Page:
When you were growing up and your parents said or did something you didn’t like, remember how it made you feel.
Dress this way, not that way; don’t do that; stand up straight; shake it off; have thicker skin. Reinforcements, negative or positive, were shaping you as a person.
Maybe you wondered why they were the way they are. Where did they learn their behavior from?
You tell yourself, “when I have kids, I am not going to be like them.”
Fast forward a few years, you see and hear some of your actions are IDENTICAL to your parents.
Reality kicks in. How did I get here? I’m exactly the way I said I wouldn’t be.
BUT that’s ok.
Why? Because you’re human.
And let’s face it, kids do not come with manuals!
So what can you do?
First, know you’re not alone.
Second, try and break the cycle.
How Do You Break A Parenting Cycle?
As a parent, you want what’s best for your child. Emulating a happy childhood is something that many parents try to do to give them the same memories.
But if you were raised in a negative environment, the last thing you want to do is to repeat it.
In order to try and break this type of parenting cycle, you need to acknowledge it before you can correct it.
There are several steps you can take to help break the cycle:
Acknowledge that a change needs to be made in your parenting choices. Just because it feels like the right thing to do, doesn’t make it right.
- Reshape your way of thinking to allow for new types of parenting practices.
- Set boundaries to maintain your new choices.
- Use positive language to help reinforce your child to better behavior.
- Forgive yourself and your parents for past mistakes. You cannot go back in time but you can start new from where you are.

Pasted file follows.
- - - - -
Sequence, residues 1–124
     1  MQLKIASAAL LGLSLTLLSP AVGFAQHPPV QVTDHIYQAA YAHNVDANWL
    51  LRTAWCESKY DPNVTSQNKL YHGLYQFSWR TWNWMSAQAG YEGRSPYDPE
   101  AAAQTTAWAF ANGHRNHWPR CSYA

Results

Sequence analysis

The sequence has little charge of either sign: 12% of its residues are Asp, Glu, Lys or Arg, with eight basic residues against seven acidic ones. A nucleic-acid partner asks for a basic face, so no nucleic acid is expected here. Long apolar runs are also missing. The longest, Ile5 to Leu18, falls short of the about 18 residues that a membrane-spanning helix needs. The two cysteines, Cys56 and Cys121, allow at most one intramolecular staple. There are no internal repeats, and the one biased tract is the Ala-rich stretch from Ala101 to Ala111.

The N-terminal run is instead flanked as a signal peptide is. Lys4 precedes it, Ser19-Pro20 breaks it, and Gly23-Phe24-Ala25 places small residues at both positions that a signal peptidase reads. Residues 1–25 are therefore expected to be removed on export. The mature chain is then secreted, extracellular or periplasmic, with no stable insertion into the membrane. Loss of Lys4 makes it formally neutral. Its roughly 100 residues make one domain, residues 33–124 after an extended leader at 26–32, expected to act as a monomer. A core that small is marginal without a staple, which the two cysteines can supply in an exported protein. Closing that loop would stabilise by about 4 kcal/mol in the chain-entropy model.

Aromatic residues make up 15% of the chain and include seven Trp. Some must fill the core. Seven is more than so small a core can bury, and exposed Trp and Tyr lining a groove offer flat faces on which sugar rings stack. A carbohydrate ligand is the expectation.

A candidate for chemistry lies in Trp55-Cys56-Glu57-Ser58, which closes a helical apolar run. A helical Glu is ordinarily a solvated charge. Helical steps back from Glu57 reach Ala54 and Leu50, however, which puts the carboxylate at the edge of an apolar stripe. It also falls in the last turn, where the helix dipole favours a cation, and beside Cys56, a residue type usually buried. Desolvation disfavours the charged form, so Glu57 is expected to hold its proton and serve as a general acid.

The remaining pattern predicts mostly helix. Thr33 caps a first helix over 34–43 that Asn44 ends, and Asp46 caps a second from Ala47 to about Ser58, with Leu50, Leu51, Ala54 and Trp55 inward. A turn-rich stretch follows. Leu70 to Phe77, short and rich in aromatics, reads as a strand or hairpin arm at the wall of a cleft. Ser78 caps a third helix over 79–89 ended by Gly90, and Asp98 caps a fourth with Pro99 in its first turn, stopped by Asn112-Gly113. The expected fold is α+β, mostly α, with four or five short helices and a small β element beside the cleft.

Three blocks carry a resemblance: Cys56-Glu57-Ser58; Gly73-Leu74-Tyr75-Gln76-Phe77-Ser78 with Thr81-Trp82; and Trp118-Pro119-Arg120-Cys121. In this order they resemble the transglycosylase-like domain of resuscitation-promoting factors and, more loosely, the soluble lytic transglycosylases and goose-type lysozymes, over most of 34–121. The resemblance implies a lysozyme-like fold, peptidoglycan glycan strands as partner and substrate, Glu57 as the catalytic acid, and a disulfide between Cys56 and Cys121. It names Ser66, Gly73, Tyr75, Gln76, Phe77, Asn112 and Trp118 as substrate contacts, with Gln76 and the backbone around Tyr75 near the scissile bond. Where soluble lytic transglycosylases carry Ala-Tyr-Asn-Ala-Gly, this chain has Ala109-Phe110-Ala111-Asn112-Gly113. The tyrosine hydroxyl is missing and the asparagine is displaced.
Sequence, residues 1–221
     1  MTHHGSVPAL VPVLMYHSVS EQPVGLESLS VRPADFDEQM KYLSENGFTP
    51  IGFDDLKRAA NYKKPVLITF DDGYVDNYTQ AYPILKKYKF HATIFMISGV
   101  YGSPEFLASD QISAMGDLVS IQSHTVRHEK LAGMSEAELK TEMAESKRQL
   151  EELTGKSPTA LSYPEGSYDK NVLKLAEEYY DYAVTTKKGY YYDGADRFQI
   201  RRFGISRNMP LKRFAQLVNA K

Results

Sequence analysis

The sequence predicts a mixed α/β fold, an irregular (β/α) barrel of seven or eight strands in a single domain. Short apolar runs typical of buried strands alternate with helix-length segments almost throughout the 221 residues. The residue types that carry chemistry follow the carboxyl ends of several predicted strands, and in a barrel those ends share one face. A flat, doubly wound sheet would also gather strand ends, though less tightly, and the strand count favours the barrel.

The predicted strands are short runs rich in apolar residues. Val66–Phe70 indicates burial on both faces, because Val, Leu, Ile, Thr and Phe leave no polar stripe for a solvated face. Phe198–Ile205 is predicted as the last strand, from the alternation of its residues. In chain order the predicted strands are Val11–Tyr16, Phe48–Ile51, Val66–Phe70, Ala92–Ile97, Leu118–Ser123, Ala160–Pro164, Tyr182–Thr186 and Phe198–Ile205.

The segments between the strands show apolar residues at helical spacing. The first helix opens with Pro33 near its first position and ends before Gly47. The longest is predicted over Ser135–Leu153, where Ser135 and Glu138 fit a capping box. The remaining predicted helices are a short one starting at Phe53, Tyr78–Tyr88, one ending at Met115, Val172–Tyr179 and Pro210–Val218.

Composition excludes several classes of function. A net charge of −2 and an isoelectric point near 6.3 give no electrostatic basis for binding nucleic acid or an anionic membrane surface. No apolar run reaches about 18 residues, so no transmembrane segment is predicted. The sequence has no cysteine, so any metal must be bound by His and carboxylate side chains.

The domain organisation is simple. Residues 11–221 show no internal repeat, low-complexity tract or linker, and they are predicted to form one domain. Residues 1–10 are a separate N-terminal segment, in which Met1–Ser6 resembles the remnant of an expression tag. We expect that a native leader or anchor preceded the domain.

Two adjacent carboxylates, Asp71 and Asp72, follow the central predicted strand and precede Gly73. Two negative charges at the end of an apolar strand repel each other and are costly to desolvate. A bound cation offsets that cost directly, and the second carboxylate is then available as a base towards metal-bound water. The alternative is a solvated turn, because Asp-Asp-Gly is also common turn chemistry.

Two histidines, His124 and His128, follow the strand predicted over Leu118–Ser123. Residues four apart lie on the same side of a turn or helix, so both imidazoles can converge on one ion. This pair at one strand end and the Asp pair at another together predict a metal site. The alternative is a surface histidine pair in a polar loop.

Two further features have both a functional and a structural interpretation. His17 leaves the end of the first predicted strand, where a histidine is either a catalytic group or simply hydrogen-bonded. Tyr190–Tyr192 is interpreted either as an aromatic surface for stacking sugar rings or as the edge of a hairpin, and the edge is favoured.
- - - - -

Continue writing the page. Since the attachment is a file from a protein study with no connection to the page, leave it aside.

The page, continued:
In a recent podcast interview with Dax Shephard’s, The Duke of Sussex said, “after realizing that much of the way he was treated as a youngster was the result of how his own dad was raised by Queen Elizabeth II and the late Prince Philip, he now wants to “break the cycle” within his family.”
He continues on saying “So we as parents should be doing the most we can to try and say, ‘You know what? That happened to me, I’m going to make sure that doesn’t happen to you’.”
The Duke acknowledged that his childhood created unhealthy relationships that were passed down through generations. This uneasiness weighed on his mental health that led him down a destructive path, desperately looking for a way out. By reshaping his way of thinking, he has now redirected and created a life towards positive change for his children.
Inspirational and a testimony to how your past doesn’t define your future.
A person’s behavior is not written in stone, even if it was passed down from generation to generation. It can be changed.
By taking positive steps you can create a healthy, stable environment for your children to thrive physically, emotionally, socially and intellectually. Be the change you want to see, create a new path!